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House-Passed Bill Would Provide The Last Green Valley with Historic 15-Year Reauthorization

February 26, 2021
Press Release
H.R. 803 would provide new support to Connecticut’s National Heritage Areas

WASHINGTON, DC – Today, Congressman Joe Courtney (CT-02) voted to pass the Protecting America’s Wilderness and Public Lands Act (H.R. 803). The legislation is a package of eight bills, each of which received bipartisan votes of support in the previous 116th Congress. H.R. 803 provides approximately 1.5 million acres of public land with new permanent and lasting protections, protects more than 1.2 million acres of public land from new oil and gas mining claims, and incorporates more than 1,200 river miles into the National Wild and Scenic Rivers System (NWSRS). The bill passed the House today with bipartisan support by a vote of 227-200.

H.R. 803 also includes historic new support for The Last Green Valley and Upper Housatonic Valley National Heritage Areas in Connecticut and Massachusetts, and for others across the country. An amendment included in the bill and supported by Rep. Courtney provides a 15-year reauthorization for all of America’s National Heritage Areas, ensuring that protected open spaces like The Last Green Valley will have the support they need to operate effectively and continue conservation efforts. Without this bill, The Last Green Valley and the Upper Housatonic Valley National Heritage Areas’ authorizations are set to expire this year in 2021. In 2020, Courtney led a coalition New England representatives in introducing similar legislation to save The Last Green Valley, and H.R. 803 would follow through on that effort.

“The Last Green Valley is an important asset to eastern Connecticut, and right now their work is incredibly valuable,” said Congressman Courtney. “Heritage areas create jobs, establish destinations that people want to visit, and they’re a smart economic investment especially now while the need for safe, open spaces is at an all-time high. Federal support is what provides these areas with the foundation they need to protect natural spaces, and without the House’s reauthorization that support is set to expire this year. Connecticut knows that these investments provide real value for taxpayers—National Heritage Areas leverage dollars and countless volunteer hours to promote the environment and identity of our region, and they’ve been working to provide new alternatives for all sort of commercial and recreational activities during the pandemic. I’m proud to advance this bill that will help protect our region’s natural heritage for another fifteen years, and I encourage the Senate to follow our lead.”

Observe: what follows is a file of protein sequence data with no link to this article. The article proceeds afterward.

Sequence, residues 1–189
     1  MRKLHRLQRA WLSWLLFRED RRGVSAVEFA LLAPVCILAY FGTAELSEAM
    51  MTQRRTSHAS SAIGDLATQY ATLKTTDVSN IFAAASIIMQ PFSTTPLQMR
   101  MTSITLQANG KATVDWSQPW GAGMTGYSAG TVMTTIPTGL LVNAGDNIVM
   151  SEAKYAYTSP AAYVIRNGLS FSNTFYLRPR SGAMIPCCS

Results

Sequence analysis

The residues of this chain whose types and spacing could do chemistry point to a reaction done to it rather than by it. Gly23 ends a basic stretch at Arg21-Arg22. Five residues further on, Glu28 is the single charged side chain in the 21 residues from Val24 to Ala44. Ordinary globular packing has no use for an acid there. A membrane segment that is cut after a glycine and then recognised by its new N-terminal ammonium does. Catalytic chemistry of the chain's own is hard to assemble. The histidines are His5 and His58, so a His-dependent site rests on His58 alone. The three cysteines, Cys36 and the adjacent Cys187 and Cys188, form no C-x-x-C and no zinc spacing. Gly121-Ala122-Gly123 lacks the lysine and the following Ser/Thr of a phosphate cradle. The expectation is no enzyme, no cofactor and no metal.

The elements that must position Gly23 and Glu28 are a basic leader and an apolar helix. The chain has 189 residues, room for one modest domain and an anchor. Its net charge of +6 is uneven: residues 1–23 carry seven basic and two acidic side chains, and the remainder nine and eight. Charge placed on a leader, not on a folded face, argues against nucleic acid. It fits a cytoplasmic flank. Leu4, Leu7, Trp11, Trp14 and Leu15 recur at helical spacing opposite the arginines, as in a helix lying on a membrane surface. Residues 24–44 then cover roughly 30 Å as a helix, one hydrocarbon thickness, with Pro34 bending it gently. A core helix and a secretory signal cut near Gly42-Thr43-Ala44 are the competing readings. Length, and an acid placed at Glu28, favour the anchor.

“It’s exciting to start the year off with such a major development for The Last Green Valley—Representative Courtney has always been in our corner, and we’re grateful for his work to advance the House’s new support for National Heritage Areas like ours and around the country,” said Lois Bruinooge, Executive Director of The Last Green Valley. “Investing in our open spaces is more important than ever, and The Last Green Valley has a big role to play in helping to drive our region’s economic recovery post-pandemic. From classrooms, to business conferences, to community health and recreation activities, people are looking to bring events outside right now, and there’s a huge appetite for getting out to enjoy green, open spaces. The Last Green Valley is where Connecticut turns for open spaces, and we’re open for business. The new support authorized by the House under the Protecting America’s Wilderness Act would help keep our conservation efforts going strong for another fifteen years, and we hope that the Senate will vote to advance the House’s bill.”

Courtney has long supported conservation efforts in eastern Connecticut and the region—from The Last Green Valley and Upper Housatonic Valley National Heritage Areas, to Plum Island, to the Wood-Pawcatuck Watershed, and more. In 2020, Courtney led a coalition of New England representatives in introducing legislation to save The Last Green Valley and Upper Housatonic Valley National Heritage Areas through a 15-year reauthorization, similar to the Protecting America’s Wilderness and Public Lands Act.

The Last Green Valley encompasses 35 towns stretching from eastern Connecticut to Massachusetts, with 26 towns in Connecticut. The Last Green Valley was first designated as a National Heritage Corridor by Congress in 1994 because of the region’s unique natural, cultural, historic, and scenic resources. The area is still 84% forest and farm and is the last stretch of dark night sky in the coastal sprawl between Boston and Washington, D.C.

The Upper Housatonic Valley National Heritage Area includes 29 towns, stretching 964 square miles from western Connecticut to Massachusetts along the Housatonic River watershed. The Upper Housatonic Valley National Heritage Area was first designated as a National Heritage Area by Congress in 2006 to preserve natural and historical resources, and to improve the economy in the area. There are over 50 sites listed on the National Register of Historic Places within the heritage area.
 

 

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